Wednesday, February 16, 2011

MOVIE REVIEW: Toy Story 3

Toy Story 3
Number of Nominations: 5
Categories: Best Picture, Best Animated Feature, Best Adapted Screenplay, Best Original Song ("We Belong Together"), Best Sound Editing
Availability in US: DVD, Blu-ray
Trailer: Click for Trailer
Historically, the Academy hasn't always given animated films the recognition they deserve. True, Walt Disney was given an honorary award (one Oscar statuette and 7 miniature statuettes) for Snow White and the Seven Dwarfs, but for about 60 years after that the Academy didn't show much love for animation. Then, in 2001, the Academy tried to make things right by introducing the Best Animated Feature Oscar. Unfortunately, though the move was well intentioned, some people believe giving animated features their own "mini-Best Picture" category has further decreased these films' chances of seriously competing in the major categories. In Academy Awards history, only three animated films have been nominated for Best Picture: Beauty and the Beast, Up, and Toy Story 3. No animated film has ever won Best Picture. Films that may have deserved consideration, like Up and Finding Nemo, haven't been taken seriously. Make no mistake: Toy Story 3 deserves real consideration.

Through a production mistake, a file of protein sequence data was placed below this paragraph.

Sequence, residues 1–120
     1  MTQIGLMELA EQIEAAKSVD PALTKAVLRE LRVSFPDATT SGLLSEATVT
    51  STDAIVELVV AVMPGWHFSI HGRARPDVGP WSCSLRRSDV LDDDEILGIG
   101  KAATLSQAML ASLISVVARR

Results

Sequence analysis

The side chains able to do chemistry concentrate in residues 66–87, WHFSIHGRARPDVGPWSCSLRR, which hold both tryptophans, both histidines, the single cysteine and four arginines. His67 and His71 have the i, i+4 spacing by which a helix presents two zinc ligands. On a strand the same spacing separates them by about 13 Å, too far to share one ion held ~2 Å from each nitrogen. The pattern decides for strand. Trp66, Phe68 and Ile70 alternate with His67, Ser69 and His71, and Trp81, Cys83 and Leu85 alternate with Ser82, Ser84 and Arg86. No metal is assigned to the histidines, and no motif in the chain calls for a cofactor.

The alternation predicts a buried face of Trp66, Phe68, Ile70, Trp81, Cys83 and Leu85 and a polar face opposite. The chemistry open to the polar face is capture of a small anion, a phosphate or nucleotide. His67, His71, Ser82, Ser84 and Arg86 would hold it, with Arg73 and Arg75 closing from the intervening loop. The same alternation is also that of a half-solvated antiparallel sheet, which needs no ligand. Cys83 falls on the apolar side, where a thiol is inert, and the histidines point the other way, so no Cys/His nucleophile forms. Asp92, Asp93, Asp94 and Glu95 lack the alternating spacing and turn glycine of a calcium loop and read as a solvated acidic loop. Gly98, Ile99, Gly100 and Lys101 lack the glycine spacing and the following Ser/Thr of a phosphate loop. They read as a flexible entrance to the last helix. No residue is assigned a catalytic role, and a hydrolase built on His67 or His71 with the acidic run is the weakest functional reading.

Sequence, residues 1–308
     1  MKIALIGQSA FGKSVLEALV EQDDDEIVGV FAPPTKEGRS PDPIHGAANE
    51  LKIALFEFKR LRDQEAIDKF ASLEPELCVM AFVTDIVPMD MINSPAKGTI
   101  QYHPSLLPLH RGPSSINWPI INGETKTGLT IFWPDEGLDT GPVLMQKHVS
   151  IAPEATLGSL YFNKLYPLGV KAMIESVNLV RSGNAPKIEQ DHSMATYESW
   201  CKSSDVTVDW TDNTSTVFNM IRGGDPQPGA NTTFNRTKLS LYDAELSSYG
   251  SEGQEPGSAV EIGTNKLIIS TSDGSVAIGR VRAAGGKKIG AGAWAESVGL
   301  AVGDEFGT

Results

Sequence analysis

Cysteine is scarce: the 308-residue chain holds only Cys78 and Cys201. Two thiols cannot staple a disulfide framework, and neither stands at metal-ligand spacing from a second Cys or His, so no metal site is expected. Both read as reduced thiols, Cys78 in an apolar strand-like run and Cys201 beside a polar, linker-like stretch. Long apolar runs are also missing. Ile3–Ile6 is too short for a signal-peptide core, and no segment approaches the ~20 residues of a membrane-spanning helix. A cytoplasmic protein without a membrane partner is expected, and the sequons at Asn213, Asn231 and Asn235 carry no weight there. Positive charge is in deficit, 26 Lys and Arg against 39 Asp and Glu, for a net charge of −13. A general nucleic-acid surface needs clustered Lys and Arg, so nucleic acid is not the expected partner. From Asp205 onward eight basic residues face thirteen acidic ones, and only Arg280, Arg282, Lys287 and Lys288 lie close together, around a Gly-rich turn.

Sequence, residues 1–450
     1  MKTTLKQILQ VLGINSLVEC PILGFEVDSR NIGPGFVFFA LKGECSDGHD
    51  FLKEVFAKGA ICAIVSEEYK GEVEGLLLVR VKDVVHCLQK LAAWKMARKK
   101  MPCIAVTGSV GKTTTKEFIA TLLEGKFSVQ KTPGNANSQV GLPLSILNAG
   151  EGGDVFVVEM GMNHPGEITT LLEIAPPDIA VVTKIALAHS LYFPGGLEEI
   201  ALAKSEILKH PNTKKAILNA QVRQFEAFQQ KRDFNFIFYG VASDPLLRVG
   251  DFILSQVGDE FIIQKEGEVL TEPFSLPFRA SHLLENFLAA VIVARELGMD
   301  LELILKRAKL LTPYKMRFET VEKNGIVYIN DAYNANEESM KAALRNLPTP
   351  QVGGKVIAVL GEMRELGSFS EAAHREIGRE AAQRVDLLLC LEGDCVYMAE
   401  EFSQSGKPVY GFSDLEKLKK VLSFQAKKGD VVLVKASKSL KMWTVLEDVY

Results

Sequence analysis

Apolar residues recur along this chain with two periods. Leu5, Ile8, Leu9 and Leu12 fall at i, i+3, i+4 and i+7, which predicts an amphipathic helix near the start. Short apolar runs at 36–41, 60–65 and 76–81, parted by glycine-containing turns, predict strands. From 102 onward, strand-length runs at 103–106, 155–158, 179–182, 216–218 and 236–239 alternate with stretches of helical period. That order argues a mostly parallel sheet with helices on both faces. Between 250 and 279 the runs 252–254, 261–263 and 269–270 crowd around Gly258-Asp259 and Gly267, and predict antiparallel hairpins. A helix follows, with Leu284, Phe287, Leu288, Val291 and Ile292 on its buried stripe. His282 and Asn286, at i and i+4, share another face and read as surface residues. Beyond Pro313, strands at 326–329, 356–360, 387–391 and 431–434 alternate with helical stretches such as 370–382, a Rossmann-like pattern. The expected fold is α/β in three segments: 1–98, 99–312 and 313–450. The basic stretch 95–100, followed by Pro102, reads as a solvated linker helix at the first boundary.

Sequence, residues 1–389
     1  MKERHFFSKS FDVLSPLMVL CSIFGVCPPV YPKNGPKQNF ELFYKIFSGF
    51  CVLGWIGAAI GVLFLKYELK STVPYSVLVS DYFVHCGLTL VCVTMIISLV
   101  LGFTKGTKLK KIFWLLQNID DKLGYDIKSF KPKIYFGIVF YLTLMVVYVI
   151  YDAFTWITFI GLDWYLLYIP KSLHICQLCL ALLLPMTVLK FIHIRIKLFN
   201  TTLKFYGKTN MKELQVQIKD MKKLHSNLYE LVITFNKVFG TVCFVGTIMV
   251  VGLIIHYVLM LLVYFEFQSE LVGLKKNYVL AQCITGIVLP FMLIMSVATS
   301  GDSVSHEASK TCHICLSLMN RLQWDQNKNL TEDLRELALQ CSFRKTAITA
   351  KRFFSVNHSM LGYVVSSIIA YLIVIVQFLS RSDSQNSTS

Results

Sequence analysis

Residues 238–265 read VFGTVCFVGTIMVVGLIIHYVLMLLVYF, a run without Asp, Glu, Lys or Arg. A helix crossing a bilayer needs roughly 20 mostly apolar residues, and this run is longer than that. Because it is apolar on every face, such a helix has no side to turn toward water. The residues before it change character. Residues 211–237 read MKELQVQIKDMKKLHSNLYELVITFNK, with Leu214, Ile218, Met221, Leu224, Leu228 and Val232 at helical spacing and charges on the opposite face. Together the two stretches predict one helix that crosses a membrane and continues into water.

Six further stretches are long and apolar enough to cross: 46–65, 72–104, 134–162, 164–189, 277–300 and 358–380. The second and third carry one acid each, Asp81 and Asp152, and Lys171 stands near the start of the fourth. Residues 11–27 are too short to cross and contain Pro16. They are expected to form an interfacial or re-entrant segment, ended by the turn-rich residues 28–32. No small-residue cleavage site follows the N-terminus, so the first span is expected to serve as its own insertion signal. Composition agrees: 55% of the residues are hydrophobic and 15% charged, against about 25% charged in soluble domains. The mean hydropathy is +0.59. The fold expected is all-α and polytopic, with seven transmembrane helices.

Easily one of the three best films of the year, Toy Story 3 picks up several years after part 2 left off, with Andy headed off to college and trying to decide what to do with his old toys. When our heroes Buzz Lightyear and Woody accidentally get donated to the daycare, they have to navigate all sorts of perils to get back where they belong.

Toy Story 3 does everything right: It is funny, poignant, engaging, and just plain fun to watch. Praised by critics and almost universally loved by audiences, Toy Story 3 quickly became the highest grossing film of the year, the fifth-highest grossing film of all-time, and highest grossing animated film ever. The film succeeds in the same way many Pixar films have before it, by not going for the cheap laughs or just playing to the younger audiences, but by making a genuinely fun and entertaining film that parents, kids, and kids at heart can enjoy together.

Grade: A+

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